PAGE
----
ReEntry is one of around thirty such programs currently operating in North Carolina.  All of these pretrial release programs have varying degrees and methods of supervision.  Some of these methods include requiring the defendant to check in physically or by telephone, to complete drug tests, and to be subjected to mandatory electronic monitoring.[44]  Ultimately, if risk assessment and pretrial release programs are to be accepted in North Carolina, these programs will need to be standardized so that all North Carolinians are treated equally.  The goal of diverting qualifying (non-dangerous) defendants from jail when they would not otherwise not be able to afford bond is admirable and should be pursued in North Carolina.[45]

In North Carolina, as elsewhere in the nation, there is growing recognition that money bail unfairly penalizes indigent defendants by incarcerating them for months or even years to wait for their trial while comparable wealthy defendants walk free as they await trial.  The way money bail is currently decided by North Carolina trial courts violates both the United States and North Carolina Constitutions.  With everyone from the right leaning former New Jersey Governor Chris Christie[46] to the left leaning California Senator Kamala Harris[47] recognizing the serious deficiencies in the money bail system and advocating for reform, the time is right for North Carolina officials to act.


[1] Brutalism, OXFORD LIVING DICTIONARIES, (last visited May 22, 2018) (“A stark style of functionalist architecture, especially of the 1950s and 1960s, characterized by the use of steel and concrete in massive blocks.”).
[2] Pretrial Release Policies in the Eighteenth Judicial District, (last visited May 22, 2018).
[3]  N.C. GEN. STAT. §14-159.13 (2017) (second degree trespass), N.C. GEN. STAT. §14-444 (2017) (intoxicated and disruptive) and N.C. GEN. STAT. §14-160 (2017) (injury to personal property).
[4] UNCG Police Help Nab 2 Men in Connection to Shooting Incident at Convenience Store, NEWS & RECORD, (last visited May 22, 2018).
[5] N.C. GEN. STAT. § 15A-534(b) (2017) (“The judicial official in granting pretrial release must impose [non-monetary bail conditions] unless he determines that such release will not reasonably assure the appearance of the defendant as required; will pose a danger of injury to any person; or is likely to result in destruction of evidence, subornation of perjury, or intimidation of potential witnesses. . . . and must record the reasons for so doing in writing to the extent provided in the policies or requirements issued by the senior resident superior court judge pursuant to G.S. 15A-535(a).”).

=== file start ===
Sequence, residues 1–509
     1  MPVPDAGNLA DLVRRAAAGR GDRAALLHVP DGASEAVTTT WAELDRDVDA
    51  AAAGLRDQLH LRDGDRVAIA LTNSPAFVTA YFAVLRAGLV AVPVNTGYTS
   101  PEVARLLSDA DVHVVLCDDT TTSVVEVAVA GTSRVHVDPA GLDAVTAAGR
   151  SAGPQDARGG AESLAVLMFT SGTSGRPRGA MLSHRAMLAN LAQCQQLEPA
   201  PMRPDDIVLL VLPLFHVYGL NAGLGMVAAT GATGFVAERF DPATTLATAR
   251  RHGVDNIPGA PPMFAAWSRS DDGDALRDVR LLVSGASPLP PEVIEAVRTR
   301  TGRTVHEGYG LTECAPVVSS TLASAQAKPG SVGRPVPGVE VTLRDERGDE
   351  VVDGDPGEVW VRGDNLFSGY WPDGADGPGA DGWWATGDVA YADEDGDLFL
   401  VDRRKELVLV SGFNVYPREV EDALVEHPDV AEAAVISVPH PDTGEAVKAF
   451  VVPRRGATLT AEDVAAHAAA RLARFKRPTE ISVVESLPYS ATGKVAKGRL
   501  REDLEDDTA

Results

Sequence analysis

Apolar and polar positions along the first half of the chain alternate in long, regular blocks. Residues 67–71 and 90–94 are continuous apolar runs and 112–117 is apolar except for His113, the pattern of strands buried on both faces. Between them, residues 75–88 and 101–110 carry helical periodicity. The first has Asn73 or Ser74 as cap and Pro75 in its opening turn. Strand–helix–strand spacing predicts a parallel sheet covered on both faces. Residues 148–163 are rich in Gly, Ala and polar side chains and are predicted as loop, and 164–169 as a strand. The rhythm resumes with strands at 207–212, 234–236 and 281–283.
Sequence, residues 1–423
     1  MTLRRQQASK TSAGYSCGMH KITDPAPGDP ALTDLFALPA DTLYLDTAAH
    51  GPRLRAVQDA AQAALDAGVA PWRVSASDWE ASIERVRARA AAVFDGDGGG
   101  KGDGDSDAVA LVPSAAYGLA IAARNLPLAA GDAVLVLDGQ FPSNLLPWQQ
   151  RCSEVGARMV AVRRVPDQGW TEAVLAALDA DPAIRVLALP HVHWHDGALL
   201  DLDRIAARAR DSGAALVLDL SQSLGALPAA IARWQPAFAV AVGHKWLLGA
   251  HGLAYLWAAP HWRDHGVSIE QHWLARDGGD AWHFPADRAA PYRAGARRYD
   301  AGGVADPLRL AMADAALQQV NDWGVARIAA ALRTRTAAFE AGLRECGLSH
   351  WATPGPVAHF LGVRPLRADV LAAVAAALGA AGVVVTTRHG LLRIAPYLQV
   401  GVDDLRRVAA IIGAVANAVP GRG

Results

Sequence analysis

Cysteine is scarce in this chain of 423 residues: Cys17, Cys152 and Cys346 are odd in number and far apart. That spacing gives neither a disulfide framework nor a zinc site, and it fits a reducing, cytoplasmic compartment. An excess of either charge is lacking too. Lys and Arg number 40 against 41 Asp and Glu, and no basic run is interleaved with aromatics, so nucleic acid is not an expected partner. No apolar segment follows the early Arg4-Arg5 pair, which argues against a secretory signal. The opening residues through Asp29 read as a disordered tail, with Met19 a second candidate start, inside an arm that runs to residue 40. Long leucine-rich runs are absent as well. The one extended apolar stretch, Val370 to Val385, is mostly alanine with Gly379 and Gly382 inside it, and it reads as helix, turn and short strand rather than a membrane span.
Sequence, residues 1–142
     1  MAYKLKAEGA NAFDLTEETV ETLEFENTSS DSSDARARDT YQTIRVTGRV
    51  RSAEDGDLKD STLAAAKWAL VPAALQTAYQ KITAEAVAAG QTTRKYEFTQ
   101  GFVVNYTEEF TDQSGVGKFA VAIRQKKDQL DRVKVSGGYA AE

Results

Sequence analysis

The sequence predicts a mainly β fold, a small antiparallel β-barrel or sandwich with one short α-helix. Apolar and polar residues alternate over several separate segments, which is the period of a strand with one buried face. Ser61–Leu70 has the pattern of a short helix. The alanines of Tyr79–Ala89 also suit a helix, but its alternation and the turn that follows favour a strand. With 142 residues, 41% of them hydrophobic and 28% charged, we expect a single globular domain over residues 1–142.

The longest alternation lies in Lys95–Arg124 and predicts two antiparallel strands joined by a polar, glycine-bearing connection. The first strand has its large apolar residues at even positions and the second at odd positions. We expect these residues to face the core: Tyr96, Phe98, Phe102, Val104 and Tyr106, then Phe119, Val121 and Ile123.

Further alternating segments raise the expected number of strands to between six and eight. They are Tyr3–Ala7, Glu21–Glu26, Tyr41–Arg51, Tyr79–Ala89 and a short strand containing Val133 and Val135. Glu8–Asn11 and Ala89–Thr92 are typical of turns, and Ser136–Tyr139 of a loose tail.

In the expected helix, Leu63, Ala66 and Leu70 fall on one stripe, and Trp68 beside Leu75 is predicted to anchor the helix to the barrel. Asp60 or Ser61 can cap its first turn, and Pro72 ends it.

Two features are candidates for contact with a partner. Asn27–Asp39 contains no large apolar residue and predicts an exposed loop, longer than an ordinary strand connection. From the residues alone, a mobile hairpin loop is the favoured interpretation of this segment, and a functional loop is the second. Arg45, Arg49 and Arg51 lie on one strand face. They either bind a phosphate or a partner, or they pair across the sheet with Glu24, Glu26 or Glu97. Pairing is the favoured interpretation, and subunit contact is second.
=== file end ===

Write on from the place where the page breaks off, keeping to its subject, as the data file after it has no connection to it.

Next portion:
[6] N.C. GEN. STAT. § 14-34.1 makes it a Class E felony to discharge a firearm into occupied property.  The offense is elevated to a Class D felony, requiring a mandatory active prison sentence, if the property is an occupied store such as is charged in this case.
[7] Administrative Office of the Courts Form AOC-CR-226, (last visited May 22, 2018).
[8] Bail, Fines, and Punishments, N.C. Const. art. I, § 27 (“Excessive bail shall not be required, nor excessive fines imposed, nor cruel or unusual punishments inflicted.”).
[9] United States v. Salerno, 481 U.S. 739, 755 (1987).
[10] Bearden v. Georgia, 461 U.S. 660, 665 (1983).
[11] Pugh v. Rainwater, 572 F.2d 1053, 1057 (5th Cir. 1978) (en banc).
[12] See, e.g., Rodriguez v. Providence Cmty. Corr., Inc., 155 F. Supp. 3d 758, 768 (M.D. Tenn. 2015) (granting class-wide preliminary injunction based on “the equal protection principles articulated by Pugh and its progeny”); Pierce v. City of Velda City, 2015 WL 10013006, at |STAR|1 (E.D. Mo. 2015) (“No person may, consistent with the Equal Protection Clause of the Fourteenth Amendment to the United States Constitution, be held in custody after an arrest because the person is too poor to post a monetary bond.”); see also Williams v. Farrior, 626 F. Supp. 983, 985 (S.D. Miss. 1986) (“For the purposes of the Fourteenth Amendment’s Equal Protection Clause, it is clear that a bail system which allows only monetary bail and does not provide for any meaningful consideration of other possible alternatives for indigent pretrial detainees infringes on both equal protection and due process requirements.”).
[13] Jones v. City of Clanton, No. 215CV34-MHT, 2015 WL 5387219, at |STAR|2 (M.D. Ala. Sept. 14, 2015),|EQUALS|1442308683 (last visited May 22, 2018).
[14] 42 U.S.C. § 1983, Civil action for deprivation of rights, allows people to sue the government for alleged civil rights violations. The statute applies when someone acting “under color of” state-level or local law is alleged to have deprived a p